Mabel Alvarez Biography

Mabel Alvarez




Mabel Alvarez was born in Waialua, Hawaii, the youngest of five children of Clementine Setza Alvarez and Dr. Luis Fernandez Alvarez, a government physician.


Her father, a native of Spain and son of the business manager to the Spanish king's son, provided medical care to Chinese and Japanese workers imported to Hawaii. He was later the personal physician to Queen Liluokalani and her husband. Mabel's mother came from a prominent family of musicians and physicians in St. Paul, Minnesota.


From early childhood, Mabel’s artistic talent was clear and her father insured that she had a lifetime of financial security to pursue fine art.  In 1915, she enrolled in the leading art school in Los Angeles, directed by William Cahill. A painter, lithographer, and muralist, her Modern Realist work was lauded by Arthur Millier, a prominent art critic of the Los Angeles Times in the 1920s and 30s.  From 1918, she did a number of symbolic paintings influenced by Will Levington Comfort, a Los Angeles philosopher who espoused meditation experiences.  She also loved to do cheerful paintings that appealed to children, and the Samuel Goldwyn and Irving Berlin families commissioned her to do portraits and murals for their children.


In 1931 in Los Angeles, she met Morgan Russell, co-founder of the Synchromy art movement.  A student of both Matisse and Cezanne, he became Mabel's mentor for the remaining 20 years of his life, and his joyous sense of color and rhythmic form and structure fit beautifully with her natural tendencies.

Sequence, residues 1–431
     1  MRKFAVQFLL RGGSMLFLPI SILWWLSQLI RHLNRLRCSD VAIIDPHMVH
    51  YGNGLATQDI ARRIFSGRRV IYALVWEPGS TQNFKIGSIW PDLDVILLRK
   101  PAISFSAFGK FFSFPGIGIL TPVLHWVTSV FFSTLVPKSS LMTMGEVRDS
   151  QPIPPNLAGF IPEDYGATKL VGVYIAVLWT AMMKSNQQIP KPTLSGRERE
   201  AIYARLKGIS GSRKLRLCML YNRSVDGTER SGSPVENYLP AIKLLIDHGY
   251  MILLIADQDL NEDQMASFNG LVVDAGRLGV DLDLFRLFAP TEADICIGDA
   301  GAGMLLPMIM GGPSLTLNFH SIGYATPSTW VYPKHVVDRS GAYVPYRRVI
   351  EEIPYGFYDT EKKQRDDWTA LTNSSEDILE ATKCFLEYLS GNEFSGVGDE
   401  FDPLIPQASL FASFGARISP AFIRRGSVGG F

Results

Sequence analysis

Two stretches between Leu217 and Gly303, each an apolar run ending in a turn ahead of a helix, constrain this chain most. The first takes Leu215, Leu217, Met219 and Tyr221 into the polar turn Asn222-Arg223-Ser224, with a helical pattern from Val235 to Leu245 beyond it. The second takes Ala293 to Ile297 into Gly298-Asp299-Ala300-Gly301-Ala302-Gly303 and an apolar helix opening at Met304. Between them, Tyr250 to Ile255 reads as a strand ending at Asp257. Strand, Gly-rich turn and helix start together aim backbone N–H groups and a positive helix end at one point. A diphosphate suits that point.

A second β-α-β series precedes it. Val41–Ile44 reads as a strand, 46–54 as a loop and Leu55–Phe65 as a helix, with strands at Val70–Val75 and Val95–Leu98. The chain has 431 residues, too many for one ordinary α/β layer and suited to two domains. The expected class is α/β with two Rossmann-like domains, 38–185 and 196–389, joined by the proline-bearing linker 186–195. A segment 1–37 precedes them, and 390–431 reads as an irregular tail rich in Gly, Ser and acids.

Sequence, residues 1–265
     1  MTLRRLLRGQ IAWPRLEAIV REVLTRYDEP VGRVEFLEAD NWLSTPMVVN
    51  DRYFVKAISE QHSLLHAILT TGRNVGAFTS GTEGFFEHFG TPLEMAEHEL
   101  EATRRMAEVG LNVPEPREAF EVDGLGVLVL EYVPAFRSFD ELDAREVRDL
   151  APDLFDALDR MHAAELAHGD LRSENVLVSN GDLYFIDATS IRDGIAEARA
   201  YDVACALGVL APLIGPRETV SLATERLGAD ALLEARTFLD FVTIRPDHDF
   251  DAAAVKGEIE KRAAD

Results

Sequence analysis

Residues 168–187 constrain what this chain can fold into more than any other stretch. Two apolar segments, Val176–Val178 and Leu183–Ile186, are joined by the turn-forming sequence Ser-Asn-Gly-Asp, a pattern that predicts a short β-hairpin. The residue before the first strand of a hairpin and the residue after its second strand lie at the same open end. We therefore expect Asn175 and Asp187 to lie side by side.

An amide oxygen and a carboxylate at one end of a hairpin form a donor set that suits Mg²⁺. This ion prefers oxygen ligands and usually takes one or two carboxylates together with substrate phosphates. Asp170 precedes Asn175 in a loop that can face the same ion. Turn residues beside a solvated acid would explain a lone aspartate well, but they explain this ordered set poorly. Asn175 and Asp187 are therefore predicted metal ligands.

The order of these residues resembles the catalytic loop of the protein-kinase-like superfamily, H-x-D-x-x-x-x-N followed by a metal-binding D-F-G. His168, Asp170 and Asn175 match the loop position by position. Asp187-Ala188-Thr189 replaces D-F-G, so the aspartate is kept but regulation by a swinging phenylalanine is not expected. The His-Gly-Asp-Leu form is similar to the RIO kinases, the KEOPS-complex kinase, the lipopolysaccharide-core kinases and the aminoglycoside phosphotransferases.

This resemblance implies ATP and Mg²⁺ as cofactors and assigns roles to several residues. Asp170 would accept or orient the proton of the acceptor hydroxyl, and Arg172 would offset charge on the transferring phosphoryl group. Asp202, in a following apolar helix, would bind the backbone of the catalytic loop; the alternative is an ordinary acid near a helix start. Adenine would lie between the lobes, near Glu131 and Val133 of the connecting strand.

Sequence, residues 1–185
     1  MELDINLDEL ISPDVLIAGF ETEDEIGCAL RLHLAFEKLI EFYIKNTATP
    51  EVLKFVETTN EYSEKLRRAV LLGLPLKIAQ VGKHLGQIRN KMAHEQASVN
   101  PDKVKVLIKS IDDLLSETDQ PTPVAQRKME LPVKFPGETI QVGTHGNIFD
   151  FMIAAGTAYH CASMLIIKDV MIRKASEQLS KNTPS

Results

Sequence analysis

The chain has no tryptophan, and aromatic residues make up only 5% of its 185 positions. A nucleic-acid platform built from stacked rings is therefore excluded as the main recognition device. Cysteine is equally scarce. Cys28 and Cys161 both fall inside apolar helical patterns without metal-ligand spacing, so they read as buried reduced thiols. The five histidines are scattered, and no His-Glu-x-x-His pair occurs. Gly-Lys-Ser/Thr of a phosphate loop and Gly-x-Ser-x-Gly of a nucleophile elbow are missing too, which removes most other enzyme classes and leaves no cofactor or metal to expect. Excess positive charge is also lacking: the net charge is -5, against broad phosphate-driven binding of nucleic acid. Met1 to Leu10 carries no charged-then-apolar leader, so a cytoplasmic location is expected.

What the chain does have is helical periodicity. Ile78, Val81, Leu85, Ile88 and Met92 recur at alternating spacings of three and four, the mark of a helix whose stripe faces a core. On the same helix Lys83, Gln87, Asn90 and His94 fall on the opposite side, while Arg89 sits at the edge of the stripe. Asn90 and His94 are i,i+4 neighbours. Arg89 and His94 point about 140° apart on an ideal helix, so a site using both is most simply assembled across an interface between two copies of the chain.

After her father's death in 1937, she returned to Hawaii for a year and painted portraits, figure studies, and still lifes.


A trip to the Caribbean islands in the 1950s led to brightening of her palette and using many oranges, reds, and bright pinks in tropical genre scenes.  Later travels to Mexico reinforced these tendencies.  As she got older, she turned more and more to religious and symbolic subjects. S he spent the last several years of her life in a Los Angeles nursing home and died at age 94 on March 13, 1985.


She exhibited nationwide including the Art Institute of Chicago and the Los Angeles County Museum and in 1999 became one of a group of important American artists showcased in Paris by the U.S. State Department.  In August, 1999, a special exhibition of her work, titled "A Radiant Thread," was held at the Adamson-Duvannes Galleries in Los Angeles.



"American Art Review"

David Forbes, Encounters With Paradise